February 3, 2009 | Comments ()

By Dustin Rowles | Books | February 3, 2009 |


I heard about this novel over at Books for Breakfast, and since I’ve been wanting to see The Curious Case of Benjamin Button, it sounded intriguing (I’ve also heard that Benjamin Button was disappointing, so I thought maybe this would be a better way of dealing with the premise).

Overall, I’m not really sure what my reaction to this book is. It was incredibly well written, and obviously took a lot of thought and development on part of the author, but I didn’t actually like the protagonist that much as the novel progressed. At first, it was easy to feel for Max given his extraordinary circumstances, but as he gets older (or younger in body), it’s hard to not dislike the choices he makes. And there is something creepy about 50-year-old man kissing a 14-year-old girl, even if the man is actually 17 at the time.

While his actions in the middle of the book, or his second shot at Alice, make sense, they also seem unjustifiable. He refuses to reveal his condition to her, but doesn’t even consider what this will mean for them in the long term, since it would be rather impossible to keep his secret over a long period of time. However, the worst part is probably the way he returns into her life for the third and final time.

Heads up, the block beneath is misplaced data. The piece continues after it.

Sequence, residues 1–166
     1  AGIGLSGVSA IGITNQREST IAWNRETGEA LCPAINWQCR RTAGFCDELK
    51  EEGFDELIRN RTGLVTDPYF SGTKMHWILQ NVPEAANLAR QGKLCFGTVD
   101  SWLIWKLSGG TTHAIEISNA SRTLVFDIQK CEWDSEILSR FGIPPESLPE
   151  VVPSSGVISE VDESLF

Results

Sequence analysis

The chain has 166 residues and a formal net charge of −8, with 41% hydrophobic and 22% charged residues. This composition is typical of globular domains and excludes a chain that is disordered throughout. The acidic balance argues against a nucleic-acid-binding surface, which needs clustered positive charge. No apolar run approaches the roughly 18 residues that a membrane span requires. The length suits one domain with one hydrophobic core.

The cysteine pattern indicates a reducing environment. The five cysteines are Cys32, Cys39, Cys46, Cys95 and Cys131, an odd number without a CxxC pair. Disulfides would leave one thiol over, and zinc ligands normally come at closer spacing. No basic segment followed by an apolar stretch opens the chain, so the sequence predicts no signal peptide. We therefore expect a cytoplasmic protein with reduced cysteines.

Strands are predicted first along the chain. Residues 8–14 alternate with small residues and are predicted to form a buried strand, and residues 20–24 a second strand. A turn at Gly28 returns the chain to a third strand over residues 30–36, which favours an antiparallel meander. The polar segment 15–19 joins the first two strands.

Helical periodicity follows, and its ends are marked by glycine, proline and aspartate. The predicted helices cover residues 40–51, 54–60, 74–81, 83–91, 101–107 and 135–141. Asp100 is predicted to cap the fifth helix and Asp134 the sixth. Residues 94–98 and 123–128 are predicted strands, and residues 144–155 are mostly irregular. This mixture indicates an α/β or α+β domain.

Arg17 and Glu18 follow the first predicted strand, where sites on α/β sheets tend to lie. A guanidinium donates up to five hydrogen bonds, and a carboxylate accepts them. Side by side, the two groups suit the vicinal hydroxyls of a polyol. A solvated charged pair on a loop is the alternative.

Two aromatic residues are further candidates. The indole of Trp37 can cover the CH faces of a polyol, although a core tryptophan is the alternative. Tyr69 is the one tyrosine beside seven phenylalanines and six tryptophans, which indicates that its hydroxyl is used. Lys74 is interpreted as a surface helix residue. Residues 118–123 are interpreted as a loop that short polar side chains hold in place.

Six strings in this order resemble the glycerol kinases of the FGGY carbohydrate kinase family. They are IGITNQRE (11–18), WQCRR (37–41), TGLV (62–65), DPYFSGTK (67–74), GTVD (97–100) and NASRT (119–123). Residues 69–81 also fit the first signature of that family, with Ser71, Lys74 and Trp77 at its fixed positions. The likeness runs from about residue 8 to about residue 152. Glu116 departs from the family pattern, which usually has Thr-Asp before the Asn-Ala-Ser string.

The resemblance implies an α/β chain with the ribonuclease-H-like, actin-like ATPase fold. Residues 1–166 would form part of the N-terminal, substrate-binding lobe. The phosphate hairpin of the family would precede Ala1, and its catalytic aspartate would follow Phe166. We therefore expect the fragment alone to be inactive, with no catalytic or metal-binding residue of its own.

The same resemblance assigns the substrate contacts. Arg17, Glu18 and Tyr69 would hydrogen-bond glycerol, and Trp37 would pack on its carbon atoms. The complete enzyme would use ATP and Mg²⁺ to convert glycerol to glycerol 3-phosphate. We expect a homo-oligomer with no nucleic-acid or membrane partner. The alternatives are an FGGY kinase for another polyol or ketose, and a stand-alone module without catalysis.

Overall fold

In addition to Alice, Max manages to hurt various other people in his life, all in his singular pursuit of love. As his best friend Hughie tells him, Max is incredibly selfish. Despite the fact that I’m very torn about the protagonist, I really enjoyed the novel and the set up. I especially liked some of the supporting characters, such as Hughie, and the ending was rather poignant and saddening. As Max states at the beginning of the novel, “We are each the love of someone’s life.” The tragedy of this novel is that all the characters define the loves of their lives as people that don’t feel the same. Max loves a woman who never even knows who he truly is, and ends up rejecting the one person that loved him as he was.

By the end, Max is fully aware of how damaging his actions have been, and for this reason, decides to confess. The very last paragraph is beautifully written, and a very fitting conclusion.

This review is part of the Cannonball Read series. Details are here and the growing number of participants and their blogs are here. And check here for more of Jen’s reviews.

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100 Books in One Year: The Confessions of Max Tivoli by Andrew Sean Greer

Cannonball Read / Jen

Books | February 3, 2009 | Comments ()



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